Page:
The accounting firm advised clients to honor their current contracts with CIT, meaning that firms that ship goods under the company’s factoring agreements should not hold back on invoices or ask retailers to pay them directly.
Marc Federbush, partner in charge of the apparel and textile services group at the accounting firm Anchin, Block & Anchin LLP, was telling his clients that use CIT to sit tight for now.
“I think CIT is going to be viable,” he said. “They’re going to continue to be a major player in this industry. I’m advising my clients not to a make any rash decisions.”
Some continued the push for federal involvement. “Clearly the government needs to monitor this and they need to acknowledge that there may be a role that they can play beyond what the bondholders are willing to do to resolve this situation in a more permanent fashion,” said Auggie Tantillo, executive director of the American Manufacturing Trade Action Coalition. “It would be irresponsible of the government not to do that.”
Gary Wassner, president of factoring firm Hilldun Factors, pushed for federal assistance for CIT on Monday in a letter written on behalf of the Council of Fashion Designers of America.
“There is no other company who can fill the gap left by an abrupt and disorderly departure of CIT….” wrote Wassner. “Step up to the plate now and give CIT the lifeline it needs to allow for an orderly transition, rather than a chaotic, anxiety-ridden collapse that will cause untold damage to thousands of innocent Americans.”
But so far, the private sector has proved more willing to come to the assistance of CIT, even though the aid is driven by the investors’ own interests.
“If they are able to work this out and make whatever structural changes without having government involvement, that would be ideal for them,” said former Treasury Department official Mark Warren, who was named vice president for tax policy at the Retail Industry Leaders Association last week.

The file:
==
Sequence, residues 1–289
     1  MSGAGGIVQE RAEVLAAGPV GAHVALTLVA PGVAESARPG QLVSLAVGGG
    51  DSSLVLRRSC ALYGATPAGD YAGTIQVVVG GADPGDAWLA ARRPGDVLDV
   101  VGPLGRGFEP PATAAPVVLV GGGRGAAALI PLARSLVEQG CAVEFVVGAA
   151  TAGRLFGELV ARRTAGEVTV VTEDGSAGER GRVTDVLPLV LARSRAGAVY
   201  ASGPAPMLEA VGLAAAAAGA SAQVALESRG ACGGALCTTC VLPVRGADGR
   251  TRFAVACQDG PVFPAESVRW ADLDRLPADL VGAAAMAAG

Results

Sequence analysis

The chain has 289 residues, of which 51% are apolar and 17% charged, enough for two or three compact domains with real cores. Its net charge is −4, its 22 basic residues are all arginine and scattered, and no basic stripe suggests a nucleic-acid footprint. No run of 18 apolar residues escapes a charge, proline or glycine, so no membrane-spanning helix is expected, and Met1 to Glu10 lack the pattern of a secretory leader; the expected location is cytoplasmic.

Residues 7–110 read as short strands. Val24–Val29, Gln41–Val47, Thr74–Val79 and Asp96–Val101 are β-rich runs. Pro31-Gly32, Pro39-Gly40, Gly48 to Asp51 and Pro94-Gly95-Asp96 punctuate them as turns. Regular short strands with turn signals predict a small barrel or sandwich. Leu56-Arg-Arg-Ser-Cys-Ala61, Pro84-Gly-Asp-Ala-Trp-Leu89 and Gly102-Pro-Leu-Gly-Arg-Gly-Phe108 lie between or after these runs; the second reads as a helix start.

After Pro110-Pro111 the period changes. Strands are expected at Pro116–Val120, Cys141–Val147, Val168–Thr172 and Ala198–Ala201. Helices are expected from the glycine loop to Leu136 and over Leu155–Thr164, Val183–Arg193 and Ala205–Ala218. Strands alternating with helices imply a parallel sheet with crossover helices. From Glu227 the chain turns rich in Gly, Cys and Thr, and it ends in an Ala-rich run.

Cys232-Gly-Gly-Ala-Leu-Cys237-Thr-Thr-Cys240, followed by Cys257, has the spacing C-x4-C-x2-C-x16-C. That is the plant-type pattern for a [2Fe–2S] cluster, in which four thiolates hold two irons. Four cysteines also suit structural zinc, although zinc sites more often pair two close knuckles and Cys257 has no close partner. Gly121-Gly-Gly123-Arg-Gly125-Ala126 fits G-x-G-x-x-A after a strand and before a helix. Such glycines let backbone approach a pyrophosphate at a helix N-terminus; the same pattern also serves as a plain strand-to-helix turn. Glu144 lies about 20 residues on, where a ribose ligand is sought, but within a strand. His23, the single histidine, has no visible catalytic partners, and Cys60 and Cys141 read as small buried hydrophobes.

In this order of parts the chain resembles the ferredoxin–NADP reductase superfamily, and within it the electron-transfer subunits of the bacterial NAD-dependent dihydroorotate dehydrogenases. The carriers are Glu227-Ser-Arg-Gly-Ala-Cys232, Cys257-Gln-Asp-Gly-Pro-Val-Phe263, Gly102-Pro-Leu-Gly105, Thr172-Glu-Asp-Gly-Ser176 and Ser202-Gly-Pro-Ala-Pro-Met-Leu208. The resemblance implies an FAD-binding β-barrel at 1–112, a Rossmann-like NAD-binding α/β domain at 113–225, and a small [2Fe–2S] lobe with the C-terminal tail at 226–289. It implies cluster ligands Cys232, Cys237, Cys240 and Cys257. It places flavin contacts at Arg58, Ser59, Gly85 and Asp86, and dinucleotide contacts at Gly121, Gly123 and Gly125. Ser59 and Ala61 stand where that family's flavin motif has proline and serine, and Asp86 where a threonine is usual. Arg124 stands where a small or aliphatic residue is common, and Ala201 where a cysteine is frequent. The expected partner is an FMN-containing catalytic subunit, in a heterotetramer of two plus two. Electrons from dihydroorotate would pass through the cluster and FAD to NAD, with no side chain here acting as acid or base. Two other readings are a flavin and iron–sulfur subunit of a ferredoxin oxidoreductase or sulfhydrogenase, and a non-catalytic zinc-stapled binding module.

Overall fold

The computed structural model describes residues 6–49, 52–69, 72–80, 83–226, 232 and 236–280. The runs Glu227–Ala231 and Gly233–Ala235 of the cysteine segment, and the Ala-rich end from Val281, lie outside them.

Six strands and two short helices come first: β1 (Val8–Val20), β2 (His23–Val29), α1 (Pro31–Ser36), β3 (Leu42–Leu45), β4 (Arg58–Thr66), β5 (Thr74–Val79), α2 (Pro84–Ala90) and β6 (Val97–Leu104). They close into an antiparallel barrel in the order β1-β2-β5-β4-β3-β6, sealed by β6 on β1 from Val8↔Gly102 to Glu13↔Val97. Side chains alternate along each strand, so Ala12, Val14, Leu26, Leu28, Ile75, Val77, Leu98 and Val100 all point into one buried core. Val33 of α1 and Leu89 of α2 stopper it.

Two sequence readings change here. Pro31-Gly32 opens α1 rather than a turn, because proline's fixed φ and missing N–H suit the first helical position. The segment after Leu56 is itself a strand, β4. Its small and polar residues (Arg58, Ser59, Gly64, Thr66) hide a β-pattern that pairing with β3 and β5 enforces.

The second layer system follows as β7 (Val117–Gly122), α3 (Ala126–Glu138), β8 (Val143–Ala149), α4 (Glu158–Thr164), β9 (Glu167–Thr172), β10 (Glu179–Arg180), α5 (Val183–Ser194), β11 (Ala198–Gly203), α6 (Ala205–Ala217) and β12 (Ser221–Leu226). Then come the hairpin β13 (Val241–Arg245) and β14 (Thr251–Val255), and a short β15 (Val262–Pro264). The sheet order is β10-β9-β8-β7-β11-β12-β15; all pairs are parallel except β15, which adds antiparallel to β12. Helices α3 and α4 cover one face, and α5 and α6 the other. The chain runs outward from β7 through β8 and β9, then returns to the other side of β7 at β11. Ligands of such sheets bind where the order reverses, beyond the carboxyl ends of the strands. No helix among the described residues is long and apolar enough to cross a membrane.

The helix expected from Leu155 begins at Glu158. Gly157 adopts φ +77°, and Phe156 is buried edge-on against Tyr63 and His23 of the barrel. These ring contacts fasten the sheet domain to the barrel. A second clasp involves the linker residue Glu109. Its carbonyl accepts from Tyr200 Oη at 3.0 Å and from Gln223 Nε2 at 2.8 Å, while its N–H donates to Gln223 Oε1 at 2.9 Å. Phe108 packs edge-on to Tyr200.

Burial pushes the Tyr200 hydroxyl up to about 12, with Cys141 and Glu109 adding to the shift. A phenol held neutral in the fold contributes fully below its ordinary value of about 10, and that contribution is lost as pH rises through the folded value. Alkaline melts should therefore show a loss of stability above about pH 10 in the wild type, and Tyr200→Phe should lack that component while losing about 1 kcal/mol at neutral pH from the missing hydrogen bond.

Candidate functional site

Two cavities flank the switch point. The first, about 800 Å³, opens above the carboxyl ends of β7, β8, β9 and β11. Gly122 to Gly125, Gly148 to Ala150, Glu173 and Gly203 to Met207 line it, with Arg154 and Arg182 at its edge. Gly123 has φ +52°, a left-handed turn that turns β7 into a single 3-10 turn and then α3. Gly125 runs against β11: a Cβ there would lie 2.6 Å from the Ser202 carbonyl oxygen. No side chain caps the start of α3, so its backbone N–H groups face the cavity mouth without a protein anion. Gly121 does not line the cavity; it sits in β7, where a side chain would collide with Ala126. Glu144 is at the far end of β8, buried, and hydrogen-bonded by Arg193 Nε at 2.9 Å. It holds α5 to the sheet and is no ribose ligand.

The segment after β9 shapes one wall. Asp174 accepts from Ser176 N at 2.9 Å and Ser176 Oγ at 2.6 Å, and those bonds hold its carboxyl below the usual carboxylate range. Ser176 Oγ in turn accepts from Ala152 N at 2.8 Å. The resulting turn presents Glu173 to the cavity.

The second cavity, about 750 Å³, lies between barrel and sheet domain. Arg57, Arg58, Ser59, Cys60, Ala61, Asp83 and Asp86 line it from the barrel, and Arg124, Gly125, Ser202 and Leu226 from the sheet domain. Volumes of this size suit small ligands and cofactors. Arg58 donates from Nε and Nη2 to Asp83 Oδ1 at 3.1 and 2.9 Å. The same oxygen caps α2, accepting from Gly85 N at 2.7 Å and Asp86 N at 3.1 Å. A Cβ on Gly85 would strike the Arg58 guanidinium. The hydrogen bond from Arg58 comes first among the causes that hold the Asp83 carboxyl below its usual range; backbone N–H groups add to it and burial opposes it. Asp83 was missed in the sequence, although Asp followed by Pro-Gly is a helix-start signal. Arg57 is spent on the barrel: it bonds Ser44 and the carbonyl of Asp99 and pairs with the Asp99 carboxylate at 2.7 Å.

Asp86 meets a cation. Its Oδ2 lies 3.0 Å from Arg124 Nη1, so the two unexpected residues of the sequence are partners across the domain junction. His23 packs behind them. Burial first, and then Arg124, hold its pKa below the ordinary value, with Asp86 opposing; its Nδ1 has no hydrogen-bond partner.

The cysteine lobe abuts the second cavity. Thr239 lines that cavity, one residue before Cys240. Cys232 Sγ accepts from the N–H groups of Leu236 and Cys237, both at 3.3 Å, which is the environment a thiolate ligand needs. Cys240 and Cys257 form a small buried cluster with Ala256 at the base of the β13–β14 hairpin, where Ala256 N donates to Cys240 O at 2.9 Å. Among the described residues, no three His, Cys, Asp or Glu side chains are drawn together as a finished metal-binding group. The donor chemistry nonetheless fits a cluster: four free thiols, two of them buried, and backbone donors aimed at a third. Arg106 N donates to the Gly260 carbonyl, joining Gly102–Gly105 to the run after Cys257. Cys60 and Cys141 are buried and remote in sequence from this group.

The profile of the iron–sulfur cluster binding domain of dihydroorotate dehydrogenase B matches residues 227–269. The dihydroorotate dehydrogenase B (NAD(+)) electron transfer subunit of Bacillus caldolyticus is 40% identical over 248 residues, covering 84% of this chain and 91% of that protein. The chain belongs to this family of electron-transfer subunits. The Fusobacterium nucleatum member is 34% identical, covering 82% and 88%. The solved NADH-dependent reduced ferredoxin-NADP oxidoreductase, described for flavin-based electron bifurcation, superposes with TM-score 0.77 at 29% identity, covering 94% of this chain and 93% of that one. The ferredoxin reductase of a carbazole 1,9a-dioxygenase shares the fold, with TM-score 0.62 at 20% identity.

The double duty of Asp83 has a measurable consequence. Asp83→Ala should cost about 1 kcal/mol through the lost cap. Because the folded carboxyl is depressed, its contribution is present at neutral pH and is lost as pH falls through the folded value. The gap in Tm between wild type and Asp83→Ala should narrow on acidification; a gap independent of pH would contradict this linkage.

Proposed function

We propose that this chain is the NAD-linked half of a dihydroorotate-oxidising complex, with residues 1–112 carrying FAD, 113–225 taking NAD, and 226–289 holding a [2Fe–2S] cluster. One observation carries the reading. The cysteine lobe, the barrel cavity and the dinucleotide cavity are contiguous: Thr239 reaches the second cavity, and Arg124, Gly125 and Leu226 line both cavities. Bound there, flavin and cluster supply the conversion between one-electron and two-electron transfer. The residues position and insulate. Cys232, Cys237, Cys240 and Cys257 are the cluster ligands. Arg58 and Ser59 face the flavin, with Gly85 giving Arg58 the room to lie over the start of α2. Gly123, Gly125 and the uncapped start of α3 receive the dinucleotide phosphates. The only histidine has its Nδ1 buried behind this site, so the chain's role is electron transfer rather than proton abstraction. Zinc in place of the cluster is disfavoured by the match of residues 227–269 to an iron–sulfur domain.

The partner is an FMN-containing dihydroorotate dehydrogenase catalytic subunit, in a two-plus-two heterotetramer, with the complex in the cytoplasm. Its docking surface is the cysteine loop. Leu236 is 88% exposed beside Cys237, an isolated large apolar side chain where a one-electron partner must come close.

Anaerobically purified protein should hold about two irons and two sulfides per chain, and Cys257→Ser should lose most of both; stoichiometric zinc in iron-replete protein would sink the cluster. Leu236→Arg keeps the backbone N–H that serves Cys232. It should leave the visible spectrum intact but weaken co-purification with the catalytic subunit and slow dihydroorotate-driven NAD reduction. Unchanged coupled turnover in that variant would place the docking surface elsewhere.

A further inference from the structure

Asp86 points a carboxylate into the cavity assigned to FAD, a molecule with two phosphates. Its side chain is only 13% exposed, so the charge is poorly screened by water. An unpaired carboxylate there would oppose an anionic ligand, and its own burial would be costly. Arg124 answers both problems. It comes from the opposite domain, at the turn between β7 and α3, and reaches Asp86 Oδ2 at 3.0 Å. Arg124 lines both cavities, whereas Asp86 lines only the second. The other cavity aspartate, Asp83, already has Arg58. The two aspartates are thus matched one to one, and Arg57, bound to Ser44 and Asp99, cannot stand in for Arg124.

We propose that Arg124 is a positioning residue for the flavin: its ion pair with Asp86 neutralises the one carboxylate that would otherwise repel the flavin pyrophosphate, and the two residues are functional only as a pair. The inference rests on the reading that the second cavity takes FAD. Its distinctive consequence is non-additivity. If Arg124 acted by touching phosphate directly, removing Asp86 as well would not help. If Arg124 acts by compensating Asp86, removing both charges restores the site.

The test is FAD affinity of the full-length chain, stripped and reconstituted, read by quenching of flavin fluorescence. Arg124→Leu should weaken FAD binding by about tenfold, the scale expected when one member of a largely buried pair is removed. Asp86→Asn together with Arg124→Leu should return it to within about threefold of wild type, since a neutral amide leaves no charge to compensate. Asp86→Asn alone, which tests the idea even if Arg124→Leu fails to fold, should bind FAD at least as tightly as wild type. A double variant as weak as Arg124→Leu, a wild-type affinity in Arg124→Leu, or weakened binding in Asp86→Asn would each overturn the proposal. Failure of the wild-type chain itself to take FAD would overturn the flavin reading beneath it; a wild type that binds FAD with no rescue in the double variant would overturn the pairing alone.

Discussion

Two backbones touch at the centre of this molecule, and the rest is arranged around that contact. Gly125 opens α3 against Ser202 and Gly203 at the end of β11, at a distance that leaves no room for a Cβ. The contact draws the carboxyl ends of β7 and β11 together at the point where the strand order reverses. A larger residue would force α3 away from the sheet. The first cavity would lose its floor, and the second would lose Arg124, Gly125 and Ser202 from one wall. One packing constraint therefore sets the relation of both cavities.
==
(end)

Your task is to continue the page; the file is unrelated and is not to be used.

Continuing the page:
“I would also add that since the government, Treasury and the [Federal Deposit Insurance Corp.] didn’t seem to embrace their request the first time around, I think that putting more pressure to try to get a private sector solution is right,” Warren said.
CIT is led by chairman and ceo Jeffrey Peek, who is expected to stay with the firm. Peek has been criticized for the company’s exposure to subprime mortgages and student loans. The company got out of the risky businesses last year.
Peek’s compensation over the last three years included salary, a bonus and other compensation totaling $6.1 million. Adding in the value of stock and option awards, which might not have been realized given vesting schedules and the company’s declining share price, the ceo’s total compensation topped $28 million for the three years.
CIT agreed to restrictions to executive compensation when it accepted TARP funds in December and said in regulatory filings it was “rethinking our incentive compensation program.”
Accepting the bailout money led to some changes in the Peek household as well. Peek’s wife, Liz, was identified by New York Magazine as the anonymous author of an article in the now-defunct Portfolio magazine titled, “Confessions of a TARP Wife.”
The article, which appeared in the May issue, detailed the trials of being linked to a company that took government funds.
“[B]eing a TARP wife means, in short, making decisions according to a complex algorithm: balancing the need to look like your world hasn’t crumbled beneath you — let’s not alarm the investors! — with the need to appear duly repentant for your subprime sins,” said the article.
The balancing act included sending presents directly to people’s homes to avoid being seen with shopping bags from Bergdorf Goodman.